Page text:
I Don’t Want To Say I Told You So – Mid-Year Economic Forecast: Signs of Strength Tempered With Notes of Caution

Posted by Paul Brindley
on August 07, 2015

.. but I told you so.economy_blogimage

In my article, Full Steam Ahead for US Economy in 2015? – Just Hold Your Horses There from February, I rebutted an assersion in the California Apparel News article, Full Steam Ahead for 2015 as Economy Accelerates and Gas Prices Drop from January that “just about everyone agrees that 2015 is shaping up to be a good year for the U.S. economy”.

I won’t restate my case. You can read the article yourself.

In short, 2015 has been a very choppy economic year on many levels. The stock market has been swinging wildly, the job market is still soft, wage growth is non-existent, retailers are struggling badly, the negative effects of international events have been a drag and the bizarre inverse relationship between the health of the economy and the effects of the prospect of a Reserve Bank interest rate rise is ever more evident. I mean how is it that the Reserve Bank thinks the economy is strong enough to consider an interest rate rise but even the consideration of a rise is forcing the stock market down?

The phenomenon is explained by Robert R. Johnson, President and CEO of The American College of Financial Services in Bryn Mawr, PN, and author of “Invest with the Fed.” He said the following about the effects of a rate hike on the markets in an interview with Forbes:

The market will likely react very negatively in the short-term and continue to perform poorly over the long-term. Some pundits are claiming that the market may view a rate hike as positive for the stock market because it signals that the Fed believes the economy is sound.  I disagree.

The research presented in Invest With The Fed shows that long-term stock market performance has been dramatically better in expansive monetary policy environments than in restrictive monetary policy environments.  Expansive monetary environments are defined as those periods during which the Fed is lowering rates.  Alternatively, restrictive monetary environments are when the Fed is raising rates.

Over a 48-year period from 1966 through 2013, the S&P 500 (SPY) returned 15.18% during expansive periods and only 5.89% during restrictive periods.  The Fed was expansive and restrictive about the same amount of time.  One of the most interesting findings of our research is that stock market returns are not as correlated with the level of interest rates (whether rates are high or low) as they are with the direction of interest rates (whether rates are trending up or down).

With all that said, the uneven economic performance of the first half of 2015 has validated the measured approach to the year that I was advocating in February. Such prudence seems to have been internalized by many in the financial media and the business community.

Following is a repost of an article from an early July edition of California Apparel News with which I mainly agree. There is no burying the lead here. It’s all in the title – Mid-Year Economic Forecast: Signs of Strength Tempered With Notes of Caution.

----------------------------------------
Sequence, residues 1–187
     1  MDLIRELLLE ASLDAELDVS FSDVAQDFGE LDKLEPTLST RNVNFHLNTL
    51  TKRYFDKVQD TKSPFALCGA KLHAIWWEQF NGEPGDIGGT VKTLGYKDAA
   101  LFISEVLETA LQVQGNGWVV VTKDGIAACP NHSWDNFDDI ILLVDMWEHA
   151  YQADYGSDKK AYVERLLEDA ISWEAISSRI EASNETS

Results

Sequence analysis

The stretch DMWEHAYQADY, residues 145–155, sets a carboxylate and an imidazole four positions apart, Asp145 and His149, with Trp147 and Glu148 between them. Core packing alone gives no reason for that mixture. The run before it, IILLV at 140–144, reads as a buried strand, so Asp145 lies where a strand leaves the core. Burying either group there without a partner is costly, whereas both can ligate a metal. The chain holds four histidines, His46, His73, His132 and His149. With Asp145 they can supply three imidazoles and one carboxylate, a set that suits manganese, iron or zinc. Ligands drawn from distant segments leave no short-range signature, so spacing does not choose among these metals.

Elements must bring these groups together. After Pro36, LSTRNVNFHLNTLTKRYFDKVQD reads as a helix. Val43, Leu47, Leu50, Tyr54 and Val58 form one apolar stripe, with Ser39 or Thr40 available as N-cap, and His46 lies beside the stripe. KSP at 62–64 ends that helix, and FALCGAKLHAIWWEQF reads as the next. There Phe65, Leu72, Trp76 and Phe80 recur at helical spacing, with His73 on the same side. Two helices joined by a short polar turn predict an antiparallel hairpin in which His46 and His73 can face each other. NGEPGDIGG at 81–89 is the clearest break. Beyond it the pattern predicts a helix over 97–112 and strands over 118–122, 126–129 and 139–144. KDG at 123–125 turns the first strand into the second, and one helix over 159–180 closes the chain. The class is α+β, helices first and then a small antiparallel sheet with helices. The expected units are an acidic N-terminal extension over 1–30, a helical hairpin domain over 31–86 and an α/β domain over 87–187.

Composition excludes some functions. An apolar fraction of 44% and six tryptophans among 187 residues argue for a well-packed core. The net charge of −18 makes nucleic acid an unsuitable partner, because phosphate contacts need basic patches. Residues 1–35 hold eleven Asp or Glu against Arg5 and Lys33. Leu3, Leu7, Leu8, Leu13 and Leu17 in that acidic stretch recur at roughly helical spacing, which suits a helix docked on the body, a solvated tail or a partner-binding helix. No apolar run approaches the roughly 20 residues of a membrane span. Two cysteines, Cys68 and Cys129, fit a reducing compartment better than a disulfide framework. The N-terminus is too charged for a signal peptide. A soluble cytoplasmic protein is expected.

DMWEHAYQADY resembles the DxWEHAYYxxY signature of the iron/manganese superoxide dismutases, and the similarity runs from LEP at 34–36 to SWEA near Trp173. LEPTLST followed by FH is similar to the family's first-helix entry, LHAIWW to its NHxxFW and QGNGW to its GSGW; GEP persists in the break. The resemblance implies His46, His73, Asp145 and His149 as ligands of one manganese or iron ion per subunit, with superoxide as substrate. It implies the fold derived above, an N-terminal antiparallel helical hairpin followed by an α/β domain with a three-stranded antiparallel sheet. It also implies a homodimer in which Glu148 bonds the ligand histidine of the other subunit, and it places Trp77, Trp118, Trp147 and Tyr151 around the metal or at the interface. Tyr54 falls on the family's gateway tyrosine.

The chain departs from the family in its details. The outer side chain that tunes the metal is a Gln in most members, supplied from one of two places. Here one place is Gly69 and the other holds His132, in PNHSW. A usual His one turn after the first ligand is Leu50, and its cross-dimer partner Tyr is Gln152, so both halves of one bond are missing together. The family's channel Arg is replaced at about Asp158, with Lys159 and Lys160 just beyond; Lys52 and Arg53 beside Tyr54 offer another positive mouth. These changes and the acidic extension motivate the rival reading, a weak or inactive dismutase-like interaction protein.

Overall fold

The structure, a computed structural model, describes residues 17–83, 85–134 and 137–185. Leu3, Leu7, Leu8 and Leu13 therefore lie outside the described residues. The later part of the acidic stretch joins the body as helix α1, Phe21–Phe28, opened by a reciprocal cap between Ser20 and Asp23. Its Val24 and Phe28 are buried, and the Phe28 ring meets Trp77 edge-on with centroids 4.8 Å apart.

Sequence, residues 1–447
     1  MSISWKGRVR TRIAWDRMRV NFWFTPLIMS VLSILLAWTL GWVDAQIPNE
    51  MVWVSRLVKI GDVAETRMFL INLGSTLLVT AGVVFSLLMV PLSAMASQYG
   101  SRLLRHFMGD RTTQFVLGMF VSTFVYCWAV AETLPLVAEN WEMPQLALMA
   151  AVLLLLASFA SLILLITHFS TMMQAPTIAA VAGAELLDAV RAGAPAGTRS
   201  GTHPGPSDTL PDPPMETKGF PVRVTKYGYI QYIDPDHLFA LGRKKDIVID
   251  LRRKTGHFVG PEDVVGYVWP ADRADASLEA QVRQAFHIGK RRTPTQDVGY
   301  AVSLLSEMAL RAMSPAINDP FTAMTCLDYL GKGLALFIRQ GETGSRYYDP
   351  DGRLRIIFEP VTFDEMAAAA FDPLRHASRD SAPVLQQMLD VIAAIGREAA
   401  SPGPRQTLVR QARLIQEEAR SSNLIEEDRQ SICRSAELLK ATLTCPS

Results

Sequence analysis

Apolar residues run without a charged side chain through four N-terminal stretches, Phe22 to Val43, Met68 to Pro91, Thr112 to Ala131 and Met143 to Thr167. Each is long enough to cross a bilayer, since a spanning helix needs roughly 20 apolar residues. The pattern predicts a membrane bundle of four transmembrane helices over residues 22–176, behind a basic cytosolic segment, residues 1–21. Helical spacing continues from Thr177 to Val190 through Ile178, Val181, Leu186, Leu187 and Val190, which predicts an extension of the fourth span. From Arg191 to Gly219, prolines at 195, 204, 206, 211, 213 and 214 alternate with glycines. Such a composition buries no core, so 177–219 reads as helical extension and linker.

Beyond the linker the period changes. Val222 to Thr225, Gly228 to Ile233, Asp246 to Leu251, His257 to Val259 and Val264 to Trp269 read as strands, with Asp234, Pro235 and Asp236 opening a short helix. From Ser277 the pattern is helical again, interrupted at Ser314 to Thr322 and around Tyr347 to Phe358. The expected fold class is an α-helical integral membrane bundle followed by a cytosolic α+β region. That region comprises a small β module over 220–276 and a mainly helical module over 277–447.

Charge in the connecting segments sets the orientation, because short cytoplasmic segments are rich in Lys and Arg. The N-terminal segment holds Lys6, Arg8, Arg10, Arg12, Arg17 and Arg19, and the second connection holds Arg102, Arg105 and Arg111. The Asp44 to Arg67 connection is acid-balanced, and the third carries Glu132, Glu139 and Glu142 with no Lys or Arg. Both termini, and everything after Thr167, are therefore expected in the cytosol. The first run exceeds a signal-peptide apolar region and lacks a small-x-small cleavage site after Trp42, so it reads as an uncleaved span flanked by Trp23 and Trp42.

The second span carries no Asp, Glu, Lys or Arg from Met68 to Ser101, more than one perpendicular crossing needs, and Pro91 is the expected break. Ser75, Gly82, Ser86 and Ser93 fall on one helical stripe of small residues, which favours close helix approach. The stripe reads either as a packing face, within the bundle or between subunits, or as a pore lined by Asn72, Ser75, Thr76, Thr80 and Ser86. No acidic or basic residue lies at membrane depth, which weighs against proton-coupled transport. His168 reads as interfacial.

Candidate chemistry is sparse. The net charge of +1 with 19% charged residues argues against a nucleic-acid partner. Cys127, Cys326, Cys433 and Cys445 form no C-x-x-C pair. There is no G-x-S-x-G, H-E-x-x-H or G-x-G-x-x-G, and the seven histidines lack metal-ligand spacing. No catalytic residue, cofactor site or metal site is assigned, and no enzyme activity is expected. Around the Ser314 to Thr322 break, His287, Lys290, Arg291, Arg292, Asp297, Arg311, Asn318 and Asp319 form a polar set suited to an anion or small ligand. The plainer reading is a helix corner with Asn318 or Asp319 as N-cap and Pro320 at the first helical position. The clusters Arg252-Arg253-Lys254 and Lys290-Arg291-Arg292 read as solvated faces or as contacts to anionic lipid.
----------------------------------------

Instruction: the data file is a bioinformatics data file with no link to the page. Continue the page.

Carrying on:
The only point I would argue with is with the prospects for retail in California. I think we are going to play out a weak retail year. My discussions with independent retailers in the greater Los Angeles area reveal an unhappy retail environment. There have been too many very slow days this year. With lack of quality jobs out there and virtually no wage growth for those with jobs, it is impossible for there to be a significant uptick in retail activity unless we go back to the very bad old days of shopping on plastic.

2015 may turn out to be the best economic year since The Great Recession (a.k.a The Great Financial Crisis or GFC in other parts of the world) but I think it is going to continue to splutter all the same.

Some see a strong second half: Kiplinger’s Economic Outlooks

Bloomberg agrees: Signals Flashing Green for U.S. Economy as 2015 Road Clears

Some think we are headed for catastrophy: Doom and gloom: 2015 global recession warning from financial seers of the century

Who knows? After so many lean years and so many false dawns of better days, I think its best to do to what so many of us have done since 2008: stay in the present, keep your resources close, carefully manage your spending and cash flow, and be very much the more financially wiser for the experience whether you are running a business or a household or your own finances.

Paul Brindley
Principal Adviser


Apparel News


Mid-Year Economic Forecast: Signs of Strength Tempered With Notes of Caution

California’s economic outlook for the remainder of the year is good, but it’s not exactly time to pop the champagne cork because the forecast is served with a helping of caution.

A recent economic report by the UCLA Anderson School of Management showed strong job recovery across the U.S. and in California and forecast increased growth in construction, business investment and consumer demand.

“I think things are on solid footing,” said Esmael Adibi, the director of the A. Gary Anderson Center for Economic Research at Chapman University.